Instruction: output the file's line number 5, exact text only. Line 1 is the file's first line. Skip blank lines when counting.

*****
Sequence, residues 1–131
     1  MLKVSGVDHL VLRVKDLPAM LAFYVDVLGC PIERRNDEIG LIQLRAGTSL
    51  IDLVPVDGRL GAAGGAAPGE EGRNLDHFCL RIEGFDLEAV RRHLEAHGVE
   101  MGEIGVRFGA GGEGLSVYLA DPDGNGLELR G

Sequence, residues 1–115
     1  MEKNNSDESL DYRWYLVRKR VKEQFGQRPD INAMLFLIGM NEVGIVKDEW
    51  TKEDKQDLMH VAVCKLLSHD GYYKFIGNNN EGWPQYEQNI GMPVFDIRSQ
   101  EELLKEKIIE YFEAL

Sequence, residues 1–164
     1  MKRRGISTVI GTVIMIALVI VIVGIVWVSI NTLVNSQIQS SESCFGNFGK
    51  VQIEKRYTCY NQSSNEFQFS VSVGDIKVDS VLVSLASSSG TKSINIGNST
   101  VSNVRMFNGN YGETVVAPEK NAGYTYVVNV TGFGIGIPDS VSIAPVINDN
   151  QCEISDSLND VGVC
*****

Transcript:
Sequence, residues 1–115